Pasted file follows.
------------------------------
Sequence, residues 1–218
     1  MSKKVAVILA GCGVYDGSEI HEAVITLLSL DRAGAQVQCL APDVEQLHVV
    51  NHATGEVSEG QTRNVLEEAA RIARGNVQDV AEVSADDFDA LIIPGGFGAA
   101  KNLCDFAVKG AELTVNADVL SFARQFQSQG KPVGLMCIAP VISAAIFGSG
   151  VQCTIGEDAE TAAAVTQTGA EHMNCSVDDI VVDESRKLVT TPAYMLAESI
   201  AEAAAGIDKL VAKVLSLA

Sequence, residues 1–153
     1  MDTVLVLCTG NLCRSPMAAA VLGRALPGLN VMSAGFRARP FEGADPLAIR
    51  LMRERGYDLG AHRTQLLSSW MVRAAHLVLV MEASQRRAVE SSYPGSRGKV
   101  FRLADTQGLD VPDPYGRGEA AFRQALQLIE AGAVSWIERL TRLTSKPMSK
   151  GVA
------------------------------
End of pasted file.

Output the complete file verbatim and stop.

Sequence, residues 1–218
     1  MSKKVAVILA GCGVYDGSEI HEAVITLLSL DRAGAQVQCL APDVEQLHVV
    51  NHATGEVSEG QTRNVLEEAA RIARGNVQDV AEVSADDFDA LIIPGGFGAA
   101  KNLCDFAVKG AELTVNADVL SFARQFQSQG KPVGLMCIAP VISAAIFGSG
   151  VQCTIGEDAE TAAAVTQTGA EHMNCSVDDI VVDESRKLVT TPAYMLAESI
   201  AEAAAGIDKL VAKVLSLA

Sequence, residues 1–153
     1  MDTVLVLCTG NLCRSPMAAA VLGRALPGLN VMSAGFRARP FEGADPLAIR
    51  LMRERGYDLG AHRTQLLSSW MVRAAHLVLV MEASQRRAVE SSYPGSRGKV
   101  FRLADTQGLD VPDPYGRGEA AFRQALQLIE AGAVSWIERL TRLTSKPMSK
   151  GVA